The countdown to the August 21 solar eclipse has begun and Dean Mark Schneider, who is also a member of our physics faculty, has some suggestions. Although Collegeville is outside of the “path of totality” that would allow certain U.S. residents to see a completely obscured sun, local onlookers will be able to witness a partial solar eclipse in the mid-afternoon, reaching its peak at 2:44 p.m.
Schneider, an expert in the quantum properties of light, is planning to fly to Omaha and make his way to Grand Island, Neb., which falls within the “path of totality.” There, he and his family and friends will be able to witness the total solar eclipse, weather permitting.
At Ursinus, we may not be able to see a total eclipse, but the sun will still be obscured by 79.9% at its peak. Schneider shared a few safe ways to enjoy it.
Proper eye protection is essential when viewing the eclipse and the most direct way to look is through a pair of special glasses made specifically for looking at solar eclipses. If you are unable to get a hold of a pair of those, Schneider has suggested blanking out a mirror and leaving only a pea-sized space uncovered to get a pinhole image of the sun. You can then reflect the light through a window into a dark room. If the room is dark enough, there will be a clear projection on the wall.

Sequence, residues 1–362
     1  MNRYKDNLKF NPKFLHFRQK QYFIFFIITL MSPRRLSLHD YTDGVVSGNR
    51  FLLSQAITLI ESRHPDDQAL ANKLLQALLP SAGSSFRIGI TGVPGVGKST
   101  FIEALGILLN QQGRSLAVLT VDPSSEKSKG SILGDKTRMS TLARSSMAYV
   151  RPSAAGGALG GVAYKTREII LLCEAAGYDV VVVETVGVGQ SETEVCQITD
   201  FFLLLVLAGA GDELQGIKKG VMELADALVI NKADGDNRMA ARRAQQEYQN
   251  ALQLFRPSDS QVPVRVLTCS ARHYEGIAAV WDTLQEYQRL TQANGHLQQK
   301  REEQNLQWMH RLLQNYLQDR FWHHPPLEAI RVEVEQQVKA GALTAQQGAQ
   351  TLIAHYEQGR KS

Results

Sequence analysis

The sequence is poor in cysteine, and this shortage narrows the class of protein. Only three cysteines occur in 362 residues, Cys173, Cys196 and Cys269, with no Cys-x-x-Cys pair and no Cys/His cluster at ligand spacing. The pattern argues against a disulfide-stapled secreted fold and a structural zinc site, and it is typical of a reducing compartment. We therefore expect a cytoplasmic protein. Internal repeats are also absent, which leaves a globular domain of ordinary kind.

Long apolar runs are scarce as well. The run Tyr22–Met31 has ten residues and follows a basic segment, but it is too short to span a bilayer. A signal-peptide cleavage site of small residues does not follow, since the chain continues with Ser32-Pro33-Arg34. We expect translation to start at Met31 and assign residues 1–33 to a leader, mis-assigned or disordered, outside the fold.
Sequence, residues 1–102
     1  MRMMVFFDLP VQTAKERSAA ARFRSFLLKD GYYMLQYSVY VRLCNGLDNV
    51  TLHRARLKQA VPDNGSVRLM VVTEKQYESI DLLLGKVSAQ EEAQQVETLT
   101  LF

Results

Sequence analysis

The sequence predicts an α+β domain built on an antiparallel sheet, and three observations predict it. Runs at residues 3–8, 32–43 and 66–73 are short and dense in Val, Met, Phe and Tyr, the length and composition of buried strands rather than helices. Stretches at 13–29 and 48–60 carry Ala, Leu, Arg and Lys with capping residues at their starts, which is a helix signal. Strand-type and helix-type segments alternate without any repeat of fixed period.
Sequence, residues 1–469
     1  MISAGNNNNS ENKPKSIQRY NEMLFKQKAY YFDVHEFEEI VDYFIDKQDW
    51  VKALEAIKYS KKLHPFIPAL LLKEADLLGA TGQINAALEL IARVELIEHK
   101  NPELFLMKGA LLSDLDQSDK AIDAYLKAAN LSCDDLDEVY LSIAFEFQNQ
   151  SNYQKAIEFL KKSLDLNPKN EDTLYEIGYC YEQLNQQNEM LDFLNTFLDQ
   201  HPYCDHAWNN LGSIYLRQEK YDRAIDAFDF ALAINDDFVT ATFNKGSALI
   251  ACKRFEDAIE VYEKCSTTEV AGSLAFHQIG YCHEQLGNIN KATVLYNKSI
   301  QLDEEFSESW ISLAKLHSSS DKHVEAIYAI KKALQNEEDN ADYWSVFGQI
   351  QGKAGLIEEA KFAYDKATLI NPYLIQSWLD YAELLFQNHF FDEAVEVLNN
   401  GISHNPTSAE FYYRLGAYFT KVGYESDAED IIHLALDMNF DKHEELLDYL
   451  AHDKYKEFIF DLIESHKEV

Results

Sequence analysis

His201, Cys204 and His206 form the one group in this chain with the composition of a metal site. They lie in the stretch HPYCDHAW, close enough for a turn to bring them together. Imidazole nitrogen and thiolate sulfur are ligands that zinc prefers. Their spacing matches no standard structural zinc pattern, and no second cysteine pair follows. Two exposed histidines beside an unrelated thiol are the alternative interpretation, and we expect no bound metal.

Schneider has even been able to see sun spots with this method. He also suggested keeping your eye on the shadows cast by trees. You will start to notice that the shadows from leaves will start turning to crescent shapes.
It is very important not to look directly at the eclipse without eye protection, but there are plenty of ways to enjoy this exciting event on and around campus.
The next time the United States will see a total solar eclipse is 2024. —Mary Lobo